Why Bridgegate Is So Dangerous to Chris Christie's Reputation

Carlo Allegri/Reuters

Chris Christie's case—his appeal as both a governor and a potential presidential candidate—is based on two things: credibility and competence.

His credibility stems from his bluntness and willingness to tell it like it is, even, he insists, if that means pissing people off. (The genius is that the people he's pissing off are often easy punching bags—teacher's unions aren't exactly popular with most voters.) His competence is all about a willingness to get his hands dirty, cut through nonsense, and do what needs to be done to help the state of New Jersey, even if that means embracing Barack Obama. There's ample evidence that voters are more attracted to his tone than his policies: New Jersey voters reelected him by a landslide in November even though they overwhelmingly oppose him on issues from gay marriage to the minimum wage.

What makes the Bridgegate scandal, now in Day 2 of its national phase, so dangerous is that it's hard to imagine how Christie gets out without serious damage to either his credibility or his competence—and possibly both. For nearly two hours at a marathon press conference Thursday, Christie apologized, fumed, scowled, cracked wise, and soul-searched, but his main message was simple: I knew absolutely nothing about any plan to close lanes on the George Washington Bridge; I told my staff to tell me if they knew anything about it; my deputy chief of staff, Bridget Kelly, lied, so I fired her. (He also told Bill Stepien, his former campaign manager, to withdraw a bid for state Republican Party chair.)

"It's been written a lot over the last couple of days about what a tight-knit staff I have and how closely everyone works together, and that is true," Christie said. "And ever since the time I was U.S. attorney, I've engendered the sense and feeling among the people closest to me that we're a family .... I am heartbroken that someone who I permitted to be in that circle of trust for the last five years betrayed my trust."

If Christie is telling the truth—it's hard to imagine he'd lie brazenly and publicly with a U.S. attorney and the state legislature breathing down his neck—he keeps his credibility. But what about his competence? How is it possible that one of his closest aides was running a rogue political vendetta out of his office, without the knowledge of the governor or any of his other top aides? That raises serious questions about Christie's reputation as an effective, hands-on manager. How would such an executive function atop the federal government if he can't even handle Trenton?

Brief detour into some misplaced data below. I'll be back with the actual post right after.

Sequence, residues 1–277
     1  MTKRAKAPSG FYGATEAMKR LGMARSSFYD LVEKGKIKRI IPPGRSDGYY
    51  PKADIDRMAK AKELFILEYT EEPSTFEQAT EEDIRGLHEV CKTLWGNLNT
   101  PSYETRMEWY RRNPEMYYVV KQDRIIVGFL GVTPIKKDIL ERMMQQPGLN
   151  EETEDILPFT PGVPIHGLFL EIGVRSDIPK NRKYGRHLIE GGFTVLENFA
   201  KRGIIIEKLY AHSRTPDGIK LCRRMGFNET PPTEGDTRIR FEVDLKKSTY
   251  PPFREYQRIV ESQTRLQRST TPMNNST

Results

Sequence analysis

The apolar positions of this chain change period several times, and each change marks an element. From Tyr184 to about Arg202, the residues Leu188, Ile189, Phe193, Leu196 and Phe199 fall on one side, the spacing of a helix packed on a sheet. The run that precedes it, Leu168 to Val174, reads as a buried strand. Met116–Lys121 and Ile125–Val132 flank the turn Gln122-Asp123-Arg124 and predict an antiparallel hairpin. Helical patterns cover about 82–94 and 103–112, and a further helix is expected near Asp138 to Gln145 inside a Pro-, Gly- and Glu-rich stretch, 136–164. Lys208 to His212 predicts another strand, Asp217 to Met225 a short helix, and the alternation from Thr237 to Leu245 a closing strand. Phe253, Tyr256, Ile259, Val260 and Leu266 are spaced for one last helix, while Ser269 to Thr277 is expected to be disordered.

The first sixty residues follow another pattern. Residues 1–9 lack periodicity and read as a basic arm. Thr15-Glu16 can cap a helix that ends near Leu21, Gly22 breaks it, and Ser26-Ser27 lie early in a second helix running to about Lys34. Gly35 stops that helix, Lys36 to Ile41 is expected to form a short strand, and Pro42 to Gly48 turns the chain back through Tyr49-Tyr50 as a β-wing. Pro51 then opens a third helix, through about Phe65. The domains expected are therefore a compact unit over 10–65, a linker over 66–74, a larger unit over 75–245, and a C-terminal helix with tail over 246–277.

This explanation also raises questions about Christie's temperament. One reporter asked him directly if he was a bully. The governor replied, in part:

I don't hide my emotions from people. I am not a focus-group-tested, blow- dried candidate or governor. Now, that has always made some people, as you know, uneasy. Some people like that style, some people don't. And I've always—I think you asked me the question day after the election, are you willing to change your style in order to appeal to a broader audience? And I think I said no because I am who I am. But I am not a bully.

You can have some fun parsing that: When does someone cross over from making many people uneasy to being a bully? In any case, it's hard to believe a staffer would independently hatch and execute a plan to close bridge lanes to punish the mayor of Fort Lee for not endorsing Christie unless he's set a tone for political revenge (to say nothing of the litany of other allegations of revenge levied against Christie).

There was plenty more to gnaw on from the press conference. Bizarrely, Christie clung to the claim that the lane closures could have been part of a traffic study—either a study that grew out of a political vendetta, or a study that turned into a vendetta—despite strong evidence that there was no such study.

Asked about a 91-year-old woman who died after her ambulance was delayed in bridge traffic, Christie tried to have it both ways: "Now, I've also seen conflicting reports about what the cause of death was and whatever, but it doesn't matter." At one point, a reporter asked him about David Wildstein, a Christie appointee to the Port Authority whom the governor has known since high school and who has already resigned over the closures. Christie downplayed any relationship in hilariously dismissive fashion: "We didn't travel in the same circles in high school. You know, I was the class president and athlete. I don't know what David was doing during that period of time."

Both those statements are classic Christie: funny, discursive, self-aggrandizing, pugilistic. But the press conference helped to show the limits of that act. After two hours explanations, the question for New Jerseyans—and potentially for voters nationwide come 2016—remains whether Christie is disingenuous or simply oblivious. Neither makes him look very appealing.

David A. Graham

David Graham is a senior associate editor at The Atlantic, where he oversees the Politics Channel. He previously reported for Newsweek, The Wall Street Journal, and The National.


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